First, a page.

Sarah: I actually don’t think about high school itself, but I think about my high school friends. Like my other friends don’t really talk to them [Emma and Maryn].

Emma: Yeah, Sarah did a really good job about staying in contact with people, I didn’t really. So it doesn’t come up as much compared to Sarah.

Maryn: I also don’t care what I think about high school. I’m quite neutral about it.

Emma: Yeah, When I do think about high school I think good things 

Maryn: Those same people are still very important to me so I still think about it

Emma: Amen sister!

Maryn: What I was saying about my friend is that she probably never thinks about high school, or even wants to.

What is a moment when you felt, “these are my friends in this chapter of my life” ?

Emma: I think it really hit me when we all moved into a house together this year. You know? Obviously we hung out in high school, but not to this extent when we’re together allll the time.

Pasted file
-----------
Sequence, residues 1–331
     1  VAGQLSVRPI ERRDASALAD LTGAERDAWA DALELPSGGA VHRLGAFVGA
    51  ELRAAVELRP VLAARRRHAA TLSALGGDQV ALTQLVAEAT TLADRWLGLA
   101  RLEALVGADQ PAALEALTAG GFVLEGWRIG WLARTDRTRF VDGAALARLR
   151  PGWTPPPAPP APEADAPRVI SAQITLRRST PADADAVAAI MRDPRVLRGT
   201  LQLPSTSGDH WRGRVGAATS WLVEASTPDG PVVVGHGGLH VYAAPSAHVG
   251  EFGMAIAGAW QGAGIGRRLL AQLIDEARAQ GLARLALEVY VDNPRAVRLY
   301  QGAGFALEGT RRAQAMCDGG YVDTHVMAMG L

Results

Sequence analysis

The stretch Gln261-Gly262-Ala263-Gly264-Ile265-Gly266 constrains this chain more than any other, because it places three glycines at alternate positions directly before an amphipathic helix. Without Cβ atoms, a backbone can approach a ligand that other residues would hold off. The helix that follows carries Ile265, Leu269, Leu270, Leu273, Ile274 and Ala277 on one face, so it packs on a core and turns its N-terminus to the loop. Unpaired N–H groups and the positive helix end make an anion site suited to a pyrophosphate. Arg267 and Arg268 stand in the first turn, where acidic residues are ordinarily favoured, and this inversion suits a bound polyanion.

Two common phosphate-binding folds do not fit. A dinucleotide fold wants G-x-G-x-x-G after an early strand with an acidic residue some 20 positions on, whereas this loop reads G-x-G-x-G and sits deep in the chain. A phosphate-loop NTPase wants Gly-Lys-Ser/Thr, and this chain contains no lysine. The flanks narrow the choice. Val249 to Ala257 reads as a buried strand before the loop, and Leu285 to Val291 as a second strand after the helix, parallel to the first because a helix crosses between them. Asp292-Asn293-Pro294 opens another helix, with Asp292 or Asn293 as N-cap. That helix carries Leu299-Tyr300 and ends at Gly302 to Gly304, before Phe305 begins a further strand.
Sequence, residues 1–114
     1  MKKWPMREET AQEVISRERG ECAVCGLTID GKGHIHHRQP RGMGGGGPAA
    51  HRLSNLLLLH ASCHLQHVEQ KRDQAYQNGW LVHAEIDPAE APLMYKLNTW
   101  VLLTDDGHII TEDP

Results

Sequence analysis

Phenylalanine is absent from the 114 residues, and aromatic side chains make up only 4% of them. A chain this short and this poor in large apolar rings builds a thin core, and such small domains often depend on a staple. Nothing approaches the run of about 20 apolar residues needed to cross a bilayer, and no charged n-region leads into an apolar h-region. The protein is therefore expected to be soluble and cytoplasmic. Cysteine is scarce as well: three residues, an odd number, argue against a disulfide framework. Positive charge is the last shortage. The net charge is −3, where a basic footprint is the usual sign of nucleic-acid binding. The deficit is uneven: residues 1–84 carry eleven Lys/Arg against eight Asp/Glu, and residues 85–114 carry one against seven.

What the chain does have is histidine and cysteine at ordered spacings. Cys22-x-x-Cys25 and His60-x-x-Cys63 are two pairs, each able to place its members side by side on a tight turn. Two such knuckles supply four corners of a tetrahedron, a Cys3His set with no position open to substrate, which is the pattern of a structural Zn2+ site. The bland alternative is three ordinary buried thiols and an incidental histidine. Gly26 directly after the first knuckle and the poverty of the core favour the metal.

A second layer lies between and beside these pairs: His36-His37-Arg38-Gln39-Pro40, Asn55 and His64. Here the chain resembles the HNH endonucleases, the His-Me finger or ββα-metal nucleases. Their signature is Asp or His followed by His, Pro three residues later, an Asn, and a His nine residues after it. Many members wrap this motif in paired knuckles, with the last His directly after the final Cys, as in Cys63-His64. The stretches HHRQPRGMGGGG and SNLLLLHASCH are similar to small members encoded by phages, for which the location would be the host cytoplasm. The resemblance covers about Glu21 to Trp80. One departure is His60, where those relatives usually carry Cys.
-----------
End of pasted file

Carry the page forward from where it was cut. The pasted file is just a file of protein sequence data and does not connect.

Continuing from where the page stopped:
Maryn: For me it was also whenever we hung out back home. It’s just the most natural thing. It’s not just my friends from high school, they’re also my friends at university. 

Sarah: Ummm, mine was probably in the summer yeah, it’s like what we do, this is normal. 

How do the relationships you made in university compare and contrast to the ones you felt in high school?

Emma: That’s like an essay question. I think now in my friendships I’m much more comfortable. I think in high school I would think about what I would say, like two seconds before I would say it. Just because certain people I was around freaked me out a lot. Now I’m much more comfortable and I don’t guard myself.

Sarah: It’s also way less drama.

Emma: Oh my God yeah.

Sarah: Because everyone is more mature.